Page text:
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INTRODUCTION

A barrier free environment is a space that allows free and safe movement, function and access
for all regardless of age, sex or condition.
It is a space or a set of services that can be accessed by all, without obstacles, with dignity and
with as much independence as possible.
There is a popular belief that a ramp and an elevator/lift is all that is needed to make a built
space barrier free.
It must be clearly understood that barrier free goes far beyond just a ramp and has many other
aspects.
These range from door and passage widths to flooring surface, from counter heights to door
handles and railings, from signage and auditory signal to tactile guides.


WHO ALL FACE BARRIERS?

WHAT IS ENVIRONMENTAL ACCESSIBILITY?
Free movement in public spaces is assumed by most people to be a right. Access to public
transportation, easy movement along streets and through buildings, and clear routes of egress
in emergency situations are all elements of an accessible environment. For some, however,
these basic conditions are not adequately met.





This bus stop, for instance, is not easily accessible to someone in a wheelchair. The grass on
either side of the cement and the bench present obstacles between the bus and sidewalk.


In the photograph below, the street is not accessible from the sidewalks. Accessibility would be
improved if the sidewalk were at street level and curb-cuts were installed.
.

Notice that while this telephone is itself wheelchair
accessible, the support on which it is mounted divides
the passageway into two very narrow walkways,
making it difficult for a wheelchair to reach the phone.




Accordingly, barriers are those aspects of the built environment which lessen a disabled
person's access.
They may be parts of buildings, landscaping, walkways, or parking areas, and include high
curbs, lack of curb cuts or ramps, gravel walkways, narrow sidewalks, extreme variations in the
grade of walkways, debris which interfere with passage along sidewalks, narrow doorways,
heavy doors requiring excessive force to open, and insufficient parking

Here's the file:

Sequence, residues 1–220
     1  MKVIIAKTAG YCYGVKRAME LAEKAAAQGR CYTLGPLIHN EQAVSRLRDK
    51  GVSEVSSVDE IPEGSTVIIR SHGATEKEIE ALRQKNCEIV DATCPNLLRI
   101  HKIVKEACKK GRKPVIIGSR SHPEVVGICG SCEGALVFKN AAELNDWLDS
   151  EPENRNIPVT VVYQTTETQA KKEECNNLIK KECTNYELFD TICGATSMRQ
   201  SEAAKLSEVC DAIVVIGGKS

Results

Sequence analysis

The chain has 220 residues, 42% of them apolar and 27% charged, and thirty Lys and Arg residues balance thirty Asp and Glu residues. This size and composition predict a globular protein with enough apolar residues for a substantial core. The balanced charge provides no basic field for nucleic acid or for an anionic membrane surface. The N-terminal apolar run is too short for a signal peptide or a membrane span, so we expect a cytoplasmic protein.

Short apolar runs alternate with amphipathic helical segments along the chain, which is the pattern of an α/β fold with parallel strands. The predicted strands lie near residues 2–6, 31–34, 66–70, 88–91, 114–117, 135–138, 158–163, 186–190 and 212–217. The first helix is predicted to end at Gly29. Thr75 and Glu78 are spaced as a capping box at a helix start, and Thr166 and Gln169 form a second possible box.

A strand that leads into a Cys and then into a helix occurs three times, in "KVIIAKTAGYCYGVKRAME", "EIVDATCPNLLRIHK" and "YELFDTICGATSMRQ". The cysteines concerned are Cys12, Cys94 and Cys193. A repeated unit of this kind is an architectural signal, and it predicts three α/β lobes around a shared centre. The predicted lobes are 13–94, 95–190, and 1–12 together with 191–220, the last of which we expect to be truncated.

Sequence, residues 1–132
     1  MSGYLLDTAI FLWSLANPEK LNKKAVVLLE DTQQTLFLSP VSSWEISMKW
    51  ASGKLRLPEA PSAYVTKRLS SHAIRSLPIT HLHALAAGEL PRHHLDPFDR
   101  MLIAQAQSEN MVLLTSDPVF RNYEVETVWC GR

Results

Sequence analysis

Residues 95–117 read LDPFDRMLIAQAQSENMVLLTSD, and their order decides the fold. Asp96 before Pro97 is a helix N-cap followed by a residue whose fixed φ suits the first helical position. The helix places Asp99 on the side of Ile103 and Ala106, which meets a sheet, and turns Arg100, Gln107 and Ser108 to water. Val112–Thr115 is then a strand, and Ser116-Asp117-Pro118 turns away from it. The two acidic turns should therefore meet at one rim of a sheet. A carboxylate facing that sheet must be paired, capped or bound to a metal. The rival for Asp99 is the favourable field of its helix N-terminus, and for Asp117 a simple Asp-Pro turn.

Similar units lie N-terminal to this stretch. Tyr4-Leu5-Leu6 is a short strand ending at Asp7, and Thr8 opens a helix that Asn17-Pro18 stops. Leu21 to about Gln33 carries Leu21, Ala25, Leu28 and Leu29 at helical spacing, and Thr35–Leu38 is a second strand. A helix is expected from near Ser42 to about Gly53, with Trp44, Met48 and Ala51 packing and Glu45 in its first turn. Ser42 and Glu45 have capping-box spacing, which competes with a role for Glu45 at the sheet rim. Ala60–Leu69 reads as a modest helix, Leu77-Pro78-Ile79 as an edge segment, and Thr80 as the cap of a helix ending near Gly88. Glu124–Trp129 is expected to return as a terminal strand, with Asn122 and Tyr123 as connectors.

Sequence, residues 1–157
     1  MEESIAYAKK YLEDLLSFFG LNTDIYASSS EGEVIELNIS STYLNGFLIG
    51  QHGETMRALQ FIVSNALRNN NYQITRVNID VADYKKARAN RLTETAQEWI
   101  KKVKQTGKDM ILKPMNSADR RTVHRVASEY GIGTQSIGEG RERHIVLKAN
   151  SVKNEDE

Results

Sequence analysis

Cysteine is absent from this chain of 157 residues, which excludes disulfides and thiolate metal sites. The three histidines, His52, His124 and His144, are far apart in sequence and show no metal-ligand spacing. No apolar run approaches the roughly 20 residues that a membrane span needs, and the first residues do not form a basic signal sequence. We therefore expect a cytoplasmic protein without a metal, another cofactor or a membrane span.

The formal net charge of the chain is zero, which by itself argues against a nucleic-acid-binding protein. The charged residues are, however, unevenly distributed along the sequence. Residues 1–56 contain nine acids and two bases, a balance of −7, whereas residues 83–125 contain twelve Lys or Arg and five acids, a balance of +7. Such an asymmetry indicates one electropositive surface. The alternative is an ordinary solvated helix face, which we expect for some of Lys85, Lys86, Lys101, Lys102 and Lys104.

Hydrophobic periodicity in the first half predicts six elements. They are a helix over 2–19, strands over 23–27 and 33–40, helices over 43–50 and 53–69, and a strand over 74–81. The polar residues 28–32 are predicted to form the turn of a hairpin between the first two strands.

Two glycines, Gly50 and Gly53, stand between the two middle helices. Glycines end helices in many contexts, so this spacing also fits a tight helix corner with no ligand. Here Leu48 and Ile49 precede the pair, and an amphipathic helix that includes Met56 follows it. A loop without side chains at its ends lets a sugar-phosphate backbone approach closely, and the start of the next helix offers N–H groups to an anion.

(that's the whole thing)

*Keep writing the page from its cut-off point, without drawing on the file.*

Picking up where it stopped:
WHY IS IT NECESSARY TO REMOVE BARRIERS?

Barrier make an environment unsafe and cause a high level of difficulty to the user.
But more importantly, barriers cause space to be out of reach thereby, denying people the
opportunity of participation in various spheres of life
This ranges from education, economic social and cultural and may be other activities.
This loss of opportunity is not only a loss for the person concerned but also societys loss, which
misses out on their contribution.
To put it simply, a barrier causes exclusion and its removal is necessary for ensuring inclusion
and participation of all in society.
Today accessibility for all is recognized as a basic necessity and there are attempts all over the
world to ensure this.
Barrier free features are now becoming fundamental to all design concepts.



CONCEPT OF UNIVERSAL ACCESSIBILITY

Universal Design (UD), in the broadest term, is design for all people.
It seeks to create an environment addressing the needs for all age groups and people of
different abilities.

The move towards universal design had developed
due to expanding population of people with varying degree of abilities and
advancing years.
Their demands for recognition and desire for independent living.
Various guidelines are available which are applicable to commercial buildings,
residential buildings, public and community facilities.

THE GOVERNMENT OF INDIA HAS DEVELOPED VARIOUS GUIDELINES AND MODELS

ANTHROPOMETRICS


GUIDING PRINCIPLE: TRIP CHAIN

One important concept for accessibility of the environment is that of the trip chain. A
typical trip consists of many links. For example, to be able to go from home to a working
place, a person has:
- To go from home to sidewalk or pathway
- To enter in a vehicle
- To go out of the vehicle to sidewalks or pathways near the working place
- To reach the entrance of the building
- To enter the building
- To move around in the building
- To enter the office or other kind of place for work
- To reach the working station.


DESIGN PROVISIONS/MEASURES

Urban Design Considerations
Architectural Considerations
Building types
Implementation checklists
Appendices

CHAPTER ORGANIZATION
Problem identification
Planning principle
Design considerations
Existing constructions